This show is about everything and nothing. It’s been described as a rambling monologue, a think piece, a string of funny anecdotes, an existential exercise, and a Samuel Beckett-sized classic. Thom gives a lecture that touches on childhood pain and adult longing and abandonment. “It’s about a man who’s going to help us as he explores his own meaning,” says College of Charleston Theatre Professor Todd McNerney. Pain is played by George Metropolis, a gifted student who played the lead in the college’s recent version of The Seagull.
It’s intimate. The one-man format and clever writing allow Pain to build a strong connection with his audience. According to McNerney, it taps into “the nature of what makes a theatrical event unique.” Pain steps out of the darkness and talks about it with the crowd before launching into an equally dark and sorrowful story. Although he’s ostensibly a professor giving a lecture, there are none of the tedious trappings of an academic talk. “There’s no significant set,” says McNerney, “no accoutrements of a lecture. It’s all about the actor and this audience at this moment.” Metropolis’ goal is to make the audience feel like Pain, to create the strong bond that every good actor strives for.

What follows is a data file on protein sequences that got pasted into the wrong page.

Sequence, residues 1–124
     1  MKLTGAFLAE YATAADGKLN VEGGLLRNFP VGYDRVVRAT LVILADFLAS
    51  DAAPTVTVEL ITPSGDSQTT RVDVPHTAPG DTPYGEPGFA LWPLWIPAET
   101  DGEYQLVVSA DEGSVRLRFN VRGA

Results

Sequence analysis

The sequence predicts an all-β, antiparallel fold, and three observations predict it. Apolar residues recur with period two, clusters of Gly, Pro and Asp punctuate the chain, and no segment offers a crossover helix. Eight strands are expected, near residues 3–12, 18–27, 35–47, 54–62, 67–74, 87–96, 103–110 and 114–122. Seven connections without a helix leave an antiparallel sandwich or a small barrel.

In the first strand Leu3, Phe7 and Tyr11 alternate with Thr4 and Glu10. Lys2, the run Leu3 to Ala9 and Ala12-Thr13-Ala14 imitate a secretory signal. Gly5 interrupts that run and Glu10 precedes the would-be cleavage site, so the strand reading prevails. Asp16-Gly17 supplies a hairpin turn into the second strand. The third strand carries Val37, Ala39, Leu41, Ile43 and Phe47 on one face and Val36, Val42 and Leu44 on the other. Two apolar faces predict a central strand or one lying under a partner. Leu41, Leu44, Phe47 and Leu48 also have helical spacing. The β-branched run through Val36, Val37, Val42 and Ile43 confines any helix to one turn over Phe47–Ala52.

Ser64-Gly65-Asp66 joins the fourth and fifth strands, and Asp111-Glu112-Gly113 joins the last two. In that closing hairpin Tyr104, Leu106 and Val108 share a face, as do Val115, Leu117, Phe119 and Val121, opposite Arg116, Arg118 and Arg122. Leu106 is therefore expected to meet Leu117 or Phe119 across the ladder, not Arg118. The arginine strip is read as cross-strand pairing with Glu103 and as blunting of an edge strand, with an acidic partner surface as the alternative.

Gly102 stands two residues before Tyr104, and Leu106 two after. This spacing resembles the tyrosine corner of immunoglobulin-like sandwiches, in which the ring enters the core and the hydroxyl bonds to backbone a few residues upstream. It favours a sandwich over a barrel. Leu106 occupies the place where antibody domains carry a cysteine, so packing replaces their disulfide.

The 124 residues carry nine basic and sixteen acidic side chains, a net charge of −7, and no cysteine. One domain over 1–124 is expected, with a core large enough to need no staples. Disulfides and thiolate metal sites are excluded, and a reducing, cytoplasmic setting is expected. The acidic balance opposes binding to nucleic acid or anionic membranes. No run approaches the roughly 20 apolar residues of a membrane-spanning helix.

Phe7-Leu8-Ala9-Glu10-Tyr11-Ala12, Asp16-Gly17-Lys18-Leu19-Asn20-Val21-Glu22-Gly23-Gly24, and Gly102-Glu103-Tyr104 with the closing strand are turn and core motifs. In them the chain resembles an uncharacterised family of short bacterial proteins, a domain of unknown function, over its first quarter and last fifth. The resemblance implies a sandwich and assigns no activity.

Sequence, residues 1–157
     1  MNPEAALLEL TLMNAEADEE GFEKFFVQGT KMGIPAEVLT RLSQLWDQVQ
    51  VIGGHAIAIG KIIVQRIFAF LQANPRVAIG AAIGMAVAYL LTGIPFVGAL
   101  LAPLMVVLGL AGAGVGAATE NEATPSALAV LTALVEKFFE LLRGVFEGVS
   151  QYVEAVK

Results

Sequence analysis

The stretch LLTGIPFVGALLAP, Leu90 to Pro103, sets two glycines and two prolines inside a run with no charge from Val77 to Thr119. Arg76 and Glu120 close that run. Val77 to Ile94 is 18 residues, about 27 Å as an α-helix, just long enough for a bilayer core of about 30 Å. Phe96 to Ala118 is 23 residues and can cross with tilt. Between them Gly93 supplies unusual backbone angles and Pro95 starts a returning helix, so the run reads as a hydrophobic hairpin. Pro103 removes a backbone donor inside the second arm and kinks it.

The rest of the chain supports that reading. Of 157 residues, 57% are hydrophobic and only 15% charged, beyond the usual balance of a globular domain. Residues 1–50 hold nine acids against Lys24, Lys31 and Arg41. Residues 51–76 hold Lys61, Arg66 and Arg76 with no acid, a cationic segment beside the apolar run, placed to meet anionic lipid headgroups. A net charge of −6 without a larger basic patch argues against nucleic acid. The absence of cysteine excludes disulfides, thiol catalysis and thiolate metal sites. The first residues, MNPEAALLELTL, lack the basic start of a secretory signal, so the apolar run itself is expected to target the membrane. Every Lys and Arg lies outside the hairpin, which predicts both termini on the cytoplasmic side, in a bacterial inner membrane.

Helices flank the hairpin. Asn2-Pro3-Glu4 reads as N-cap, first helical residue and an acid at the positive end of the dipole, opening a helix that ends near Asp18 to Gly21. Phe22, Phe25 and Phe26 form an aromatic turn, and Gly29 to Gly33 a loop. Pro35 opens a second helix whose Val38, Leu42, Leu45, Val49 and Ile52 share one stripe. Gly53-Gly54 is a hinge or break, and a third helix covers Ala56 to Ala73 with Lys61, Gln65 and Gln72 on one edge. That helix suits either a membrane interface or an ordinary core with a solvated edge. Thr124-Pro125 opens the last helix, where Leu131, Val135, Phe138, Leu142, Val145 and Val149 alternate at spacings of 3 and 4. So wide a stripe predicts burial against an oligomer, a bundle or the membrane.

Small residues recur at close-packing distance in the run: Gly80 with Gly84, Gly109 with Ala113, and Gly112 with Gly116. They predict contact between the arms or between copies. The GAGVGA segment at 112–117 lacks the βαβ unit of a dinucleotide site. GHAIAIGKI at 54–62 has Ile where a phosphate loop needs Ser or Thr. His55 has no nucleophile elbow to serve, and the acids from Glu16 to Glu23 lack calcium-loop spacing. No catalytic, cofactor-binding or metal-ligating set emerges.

All the critics love it. An Off-Broadway run got great reviews and the play was a Pulitzer Prize finalist in 2009. That’s quite a feat considering that the point of this show is pointlessness — Pain warns us to be ready for life’s disappointments and non-events. His invitation to examine our own disillusionment should make this an uneasy but electrifying experience.